Johnson and Johnson has been put under the powerful microscope of Mr. Steven Brill, an author, speaker and graduate of Yale College (English major) and Yale College of law. If you want to know how the mesh massacre happened, his 15-Chapter “DocuSerial” will give you a good blue print.

He is posting one chapter per day on the Huffington Post’s Highline. Be sure to read yesterday’s, Chapter 2, and also today’s Chapter 3. Audio is available for every chapter as well! Here are my thoughts on his introductory chapter: CHAPTER ONE: You say “Credo,” I say “Crudo!”

What do you think about Mr. Brill’s “DoucSerial?”

Chapter 3: Sales Over Science

Screen Shot 2015-09-17 at 9.00.00 AM

Chapter 2: Blowing Past The Label

Screen Shot 2015-09-17 at 10.09.03 AM

CHAPTER ONE: You say “Credo,” I say “Crudo!” JnJ called out in Huff Post by Steven Brill

Writer and Journalist, Mr. Steven Brill

Writer and Journalist, Mr. Steven Brill

Storytellers seem to be making a comeback. Steven Brill, a graduate of Yale College (English major) and Yale Law School is “bringing sexy back” to storytelling.

In his most recent writing in the Huffington Post, he aspires:

“To tell that story in a way that is digestible but complete, The Huffington Post Highline and I are trying something new: a DocuSerial. It’s a reconstruction of an old story-telling genre that allows us to deploy the modern tools of digital communication to engage readers in old-fashioned, long-form feature journalism.”

Applause, golf clap, jazz clap – I am definitely on board with this retro trend.

In his first “DocuSerial,” Brill puts Johnson & Johnson under a powerful microscope, exploring their exploits from all angles. He has officially dubbed #JnJ as “America’s Most Loved Lawbreaker” in his accessible, well-researched piece of the same name, here. Today, he published the first of 15 chapters about Johnson & Johnson and the rollercoaster story of its profitable, yet deeply deceptively marketed, ill-fated drug, Risperdal, a drug which has had life-changing consequences for many people, mostly children and the elderly. See my blog about how exploitation of the weakest among us is as old as time, “Sunday Reflections, August 8.”

I strongly suggest you read Brill’s 15-chapter “DocuSerial” in its entirety, as my blog is an interpretation of his very well-organized story form, complete with graphics and a timeline, of the unfolding of the Risperdal catastrophe and its representation as just ONE DRUG that Johnson & Johnson has marketed illegally, to the peril and suffering of many innocents. I will implore him (and implore you to implore him) to write a similar DocuSerial about transvaginal mesh and hernia mesh. Read about Brill’s Docuserial from another point of view, that of Melayna Lokowsky, a #JnJ whistleblower who writes a blog called Killing My Career, to teach readers how sociopaths rise to the top of corporations and then employ what she calls, “The Sociopathic Business Model™.” Learn as much as you can NOT about the “Why?” or the “Why me?” for there is only one answer to those questions, and it is a bitter pill to swallow. The answer to “Why Me?” is because we live in a broken world, full of greed and the love of money. When you begin to ask the question, “How?” only then will you begin a journey of finding concrete answers that will help you fight YOUR fight.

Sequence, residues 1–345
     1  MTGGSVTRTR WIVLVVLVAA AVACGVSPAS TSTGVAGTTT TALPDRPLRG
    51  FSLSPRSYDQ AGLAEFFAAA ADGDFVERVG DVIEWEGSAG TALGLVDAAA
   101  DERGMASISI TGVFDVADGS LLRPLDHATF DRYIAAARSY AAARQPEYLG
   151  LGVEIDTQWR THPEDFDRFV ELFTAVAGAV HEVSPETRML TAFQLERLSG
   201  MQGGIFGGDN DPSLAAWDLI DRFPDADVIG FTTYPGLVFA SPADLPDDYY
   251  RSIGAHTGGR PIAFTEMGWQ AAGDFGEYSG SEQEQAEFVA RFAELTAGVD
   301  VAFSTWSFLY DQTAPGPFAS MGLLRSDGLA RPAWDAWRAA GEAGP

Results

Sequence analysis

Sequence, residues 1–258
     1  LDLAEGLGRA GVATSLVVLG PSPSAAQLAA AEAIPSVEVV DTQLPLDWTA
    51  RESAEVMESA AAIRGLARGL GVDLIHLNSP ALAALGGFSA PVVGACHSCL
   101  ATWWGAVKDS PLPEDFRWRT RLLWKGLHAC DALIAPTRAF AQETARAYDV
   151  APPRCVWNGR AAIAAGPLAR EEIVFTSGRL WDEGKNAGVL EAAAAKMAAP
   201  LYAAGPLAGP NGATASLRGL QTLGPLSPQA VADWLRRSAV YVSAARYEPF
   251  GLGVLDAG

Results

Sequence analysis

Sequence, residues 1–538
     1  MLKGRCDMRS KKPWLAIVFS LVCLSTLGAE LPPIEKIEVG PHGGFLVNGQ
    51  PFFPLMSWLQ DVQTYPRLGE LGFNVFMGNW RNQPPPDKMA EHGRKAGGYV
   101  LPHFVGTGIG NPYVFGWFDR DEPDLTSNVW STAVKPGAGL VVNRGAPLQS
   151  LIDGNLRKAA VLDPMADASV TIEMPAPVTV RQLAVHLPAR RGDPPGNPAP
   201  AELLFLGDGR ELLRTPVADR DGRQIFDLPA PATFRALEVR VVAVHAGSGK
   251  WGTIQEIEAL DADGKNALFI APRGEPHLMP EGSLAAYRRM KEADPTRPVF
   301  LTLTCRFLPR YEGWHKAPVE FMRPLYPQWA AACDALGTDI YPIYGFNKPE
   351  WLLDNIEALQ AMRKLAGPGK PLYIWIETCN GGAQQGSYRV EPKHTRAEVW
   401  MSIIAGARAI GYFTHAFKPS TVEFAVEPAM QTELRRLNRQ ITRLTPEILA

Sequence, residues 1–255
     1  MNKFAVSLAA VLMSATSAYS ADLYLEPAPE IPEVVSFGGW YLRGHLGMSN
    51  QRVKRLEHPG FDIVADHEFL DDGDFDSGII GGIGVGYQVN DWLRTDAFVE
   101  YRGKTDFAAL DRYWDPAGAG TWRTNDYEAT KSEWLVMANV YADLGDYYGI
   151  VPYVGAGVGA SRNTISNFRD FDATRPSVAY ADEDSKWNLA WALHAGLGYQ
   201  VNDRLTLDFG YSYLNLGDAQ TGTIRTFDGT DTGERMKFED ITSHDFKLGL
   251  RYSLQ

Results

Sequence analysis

Brill begins with a reminder to us, his dear reader, that #JnJ’s Credo, in place since the reign of the company’s first-line heir, Robert Wood Johnson II is:

“We believe our first responsibility is to the doctors, nurses, and patients, to mothers and fathers, and all others who use our products and services.”


Do you believe that? I sure don’t. “To mothers and fathers. . .” seriously? It’s farcical at best. At worst, the credo mocks, taunts and haunts those of us who know differently because of our experiences with polypropylene mesh. I call .  . . well, I guess I should now rate this writing about #JnJ: Rated “B” for mature audiences only.

As we all know, many people have been credited with saying some form of “Actions speak louder than words.”

In its earliest iteration, the sentiment is found in the Bible, 1 John 3:17-18:

“But whoever has the world’s goods, and beholds his brother in need and closes his heart against him, how does the love of God abide in him? Little children, let us not love with word or with tongue, but in deed and truth.”

Yes, the spirit of the phrase “actions speak louder than words” goes back … way back! (SOURCE:

Never has an adage lived up to the test of time so much as now. Could there be a more influential company with a louder voice to tout this well-known, oft-quoted maxim? However, I don’t think any of the original orators of the adage intended it to be thought of as what it has become, with respect to #JnJ, America’s 7th largest publicly-held company.